The large house in the
The large house in the forground, isn't that the one in the image "BMH c.1925" that I posted last year?
1937 View from H Block
I believe A Block was Alexander Block, B Block (where I used to live) was Birdwood Block and C Block was Cassells Block. All were named after famous Generals or Field Marshals. The only one which remains today is Cassells Block which, as David says, is now the Visual Arts Centre. The "racquet court" is now the Squash Centre. I used to play squash there when I lived in Birdwood Block.
Re: Remaining garrison buildings
According to the Background Information of the Hong Kong Park, four (4) garrison buildings had been preserved and still in use.
View from H Block
Thanks Marlowe, the roof in each photo matches nicely. Looking at your photo, I believe the building is Braeside.
Interesting to see that today's squash centre is on the site of the old Racket Court. After the army moved out from the area, was the old Racket Court building left unused, or was it opened to the public as an earlier version of today's Squash Centre?
Lew and Mollie note that the Helena May is visible on the left of this photo:
And Barbara Anslow writes:
I can't identify the 2 large houses around Bowen Road area.. in 1937 there were so many houses in just that style. But I can identify the then CSO (Colonial Secretary's Office) where I worked in 1938/9 before the ARP Dept. transferred to its own building in Happy Valley; the CSO is the black-roofed building behind the verandahed block beyond the grassed area.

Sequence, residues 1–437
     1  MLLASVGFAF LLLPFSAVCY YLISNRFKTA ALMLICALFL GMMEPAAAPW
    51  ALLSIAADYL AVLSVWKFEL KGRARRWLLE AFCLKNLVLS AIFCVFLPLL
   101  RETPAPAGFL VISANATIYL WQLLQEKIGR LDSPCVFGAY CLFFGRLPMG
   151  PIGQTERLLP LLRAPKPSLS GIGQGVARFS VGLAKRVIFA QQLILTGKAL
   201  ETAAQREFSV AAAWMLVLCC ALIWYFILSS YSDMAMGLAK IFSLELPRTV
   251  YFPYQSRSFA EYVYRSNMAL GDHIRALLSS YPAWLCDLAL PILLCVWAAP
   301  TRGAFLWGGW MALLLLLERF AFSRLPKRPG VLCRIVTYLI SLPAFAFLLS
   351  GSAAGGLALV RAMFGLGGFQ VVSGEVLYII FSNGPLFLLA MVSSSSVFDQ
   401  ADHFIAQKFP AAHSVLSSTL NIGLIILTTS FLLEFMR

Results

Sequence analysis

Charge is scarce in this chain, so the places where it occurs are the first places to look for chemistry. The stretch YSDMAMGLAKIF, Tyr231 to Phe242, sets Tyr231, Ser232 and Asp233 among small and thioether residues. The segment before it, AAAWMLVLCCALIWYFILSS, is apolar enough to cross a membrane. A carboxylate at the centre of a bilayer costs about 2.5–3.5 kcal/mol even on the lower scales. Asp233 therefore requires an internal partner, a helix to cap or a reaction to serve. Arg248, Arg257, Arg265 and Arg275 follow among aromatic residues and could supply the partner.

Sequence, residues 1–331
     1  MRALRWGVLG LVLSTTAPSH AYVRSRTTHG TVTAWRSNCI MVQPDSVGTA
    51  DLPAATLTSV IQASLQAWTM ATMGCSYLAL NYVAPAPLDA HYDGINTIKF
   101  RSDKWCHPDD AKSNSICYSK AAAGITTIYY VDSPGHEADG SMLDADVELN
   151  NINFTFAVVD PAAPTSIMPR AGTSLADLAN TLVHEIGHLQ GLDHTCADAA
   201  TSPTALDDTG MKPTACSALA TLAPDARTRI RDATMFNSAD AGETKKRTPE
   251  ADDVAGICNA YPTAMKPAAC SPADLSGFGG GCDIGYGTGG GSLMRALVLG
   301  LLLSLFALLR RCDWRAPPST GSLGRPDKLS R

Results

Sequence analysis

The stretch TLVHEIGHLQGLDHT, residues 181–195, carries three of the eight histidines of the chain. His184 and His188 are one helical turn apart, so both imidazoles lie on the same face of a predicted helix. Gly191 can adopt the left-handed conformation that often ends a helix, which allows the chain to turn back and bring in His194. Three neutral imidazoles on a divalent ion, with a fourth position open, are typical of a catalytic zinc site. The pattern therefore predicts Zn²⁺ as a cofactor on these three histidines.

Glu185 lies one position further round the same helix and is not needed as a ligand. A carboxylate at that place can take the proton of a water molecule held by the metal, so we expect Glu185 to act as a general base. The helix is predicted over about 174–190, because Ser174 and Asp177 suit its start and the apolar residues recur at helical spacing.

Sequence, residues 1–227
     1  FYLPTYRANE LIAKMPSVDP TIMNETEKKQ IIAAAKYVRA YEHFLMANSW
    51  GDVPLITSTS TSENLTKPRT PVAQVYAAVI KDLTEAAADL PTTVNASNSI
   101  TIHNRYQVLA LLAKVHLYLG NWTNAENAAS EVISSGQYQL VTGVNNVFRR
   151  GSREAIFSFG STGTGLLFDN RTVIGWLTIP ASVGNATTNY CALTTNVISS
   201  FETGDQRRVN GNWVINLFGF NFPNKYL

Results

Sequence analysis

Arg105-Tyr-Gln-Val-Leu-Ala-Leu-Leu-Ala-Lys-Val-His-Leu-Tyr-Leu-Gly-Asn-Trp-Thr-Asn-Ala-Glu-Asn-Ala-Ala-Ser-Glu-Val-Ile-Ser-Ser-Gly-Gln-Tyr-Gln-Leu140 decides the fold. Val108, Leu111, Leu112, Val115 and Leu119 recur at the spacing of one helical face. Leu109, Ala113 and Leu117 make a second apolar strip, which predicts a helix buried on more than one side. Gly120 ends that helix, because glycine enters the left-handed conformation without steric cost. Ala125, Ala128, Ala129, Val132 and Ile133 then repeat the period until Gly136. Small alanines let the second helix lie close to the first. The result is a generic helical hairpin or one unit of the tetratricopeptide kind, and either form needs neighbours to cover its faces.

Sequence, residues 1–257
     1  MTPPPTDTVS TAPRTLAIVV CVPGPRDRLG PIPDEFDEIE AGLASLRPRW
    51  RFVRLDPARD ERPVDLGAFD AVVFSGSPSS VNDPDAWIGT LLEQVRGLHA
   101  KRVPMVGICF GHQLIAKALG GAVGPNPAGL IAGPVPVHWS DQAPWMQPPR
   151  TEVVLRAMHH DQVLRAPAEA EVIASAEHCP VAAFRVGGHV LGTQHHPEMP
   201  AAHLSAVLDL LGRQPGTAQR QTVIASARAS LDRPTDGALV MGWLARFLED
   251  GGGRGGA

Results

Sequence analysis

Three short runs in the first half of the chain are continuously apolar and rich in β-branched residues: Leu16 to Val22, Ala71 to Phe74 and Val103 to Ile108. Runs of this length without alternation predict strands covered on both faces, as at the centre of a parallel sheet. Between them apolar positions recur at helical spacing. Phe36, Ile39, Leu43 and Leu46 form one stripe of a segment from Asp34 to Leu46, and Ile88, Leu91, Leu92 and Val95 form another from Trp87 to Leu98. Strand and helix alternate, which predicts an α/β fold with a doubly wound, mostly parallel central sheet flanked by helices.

Thanks for everyone's comments and extra information,
Glenealy School, A Block?
When I worked as intern at Glenealy School two years ago, I was told that during the late 70s and early 80s, before the premises on Kennedy Road were acquired by the ESF, that the school occupied a site "located where the Squash Courts are today". Would that have been the A Block of the Barracks? If so, how were they accessed from Garden Road?
Victoria Junior School
Victoria Junior School was a Primary School for forces children. It occupied a site near where the squash centre is now (not A Block, which I believe was Alexander Block). After VJS closed in the late 80s it was taken over by Glenealy School for a few years. My father was headmaster of Victoria Junior School from 1961 to 1969 and I was a pupil there myself in 1961. We lived in Birdwood Block (B Block) which was almost next door. There is a Facebook page for Victoria Junior School with some photos. There was a gate next to the Peak Tram Station but we normally used the gate on the east side.
re: Victoria Junior School
Thanks for the extra information. I've made a Place for it at: http://gwulo.com/victoria-junior-school
I found this comment in
CAPTIVE SURGEON IN HONG KONG:
THE STORY OF THE BRITISH MILITARY HOSPITAL,
HONG KONG 1942-1945
by DONALD C. BOWIE
Below the hospital was the Sergeants Mess and a residential block for married staff, "H" block.
Victoria Barracks buildings
Richard Wong has posted an annotated map of the barracks, with names & details of many of the old buildings:
There is a "Hamilton Block", and its location matches the "H Block" Marlowe describes above. At first glance it doesn't seem to match the viewpoint for this photograph though.
I'm sure my parents said that the flat / married quarter we lived in (1948 - 1950) was in H block. I;ll try to dig out a couple of photos.